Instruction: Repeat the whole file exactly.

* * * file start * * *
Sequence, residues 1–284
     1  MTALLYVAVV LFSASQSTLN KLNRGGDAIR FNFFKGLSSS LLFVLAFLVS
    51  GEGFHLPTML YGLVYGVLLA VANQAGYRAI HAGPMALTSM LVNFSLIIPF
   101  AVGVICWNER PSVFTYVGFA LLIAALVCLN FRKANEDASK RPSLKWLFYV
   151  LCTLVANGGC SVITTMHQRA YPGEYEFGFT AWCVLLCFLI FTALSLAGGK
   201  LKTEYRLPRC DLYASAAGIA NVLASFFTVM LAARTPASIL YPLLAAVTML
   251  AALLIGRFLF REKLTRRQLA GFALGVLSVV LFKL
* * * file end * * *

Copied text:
Sequence, residues 1–284
     1  MTALLYVAVV LFSASQSTLN KLNRGGDAIR FNFFKGLSSS LLFVLAFLVS
    51  GEGFHLPTML YGLVYGVLLA VANQAGYRAI HAGPMALTSM LVNFSLIIPF
   101  AVGVICWNER PSVFTYVGFA LLIAALVCLN FRKANEDASK RPSLKWLFYV
   151  LCTLVANGGC SVITTMHQRA YPGEYEFGFT AWCVLLCFLI FTALSLAGGK
   201  LKTEYRLPRC DLYASAAGIA NVLASFFTVM LAARTPASIL YPLLAAVTML
   251  AALLIGRFLF REKLTRRQLA GFALGVLSVV LFKL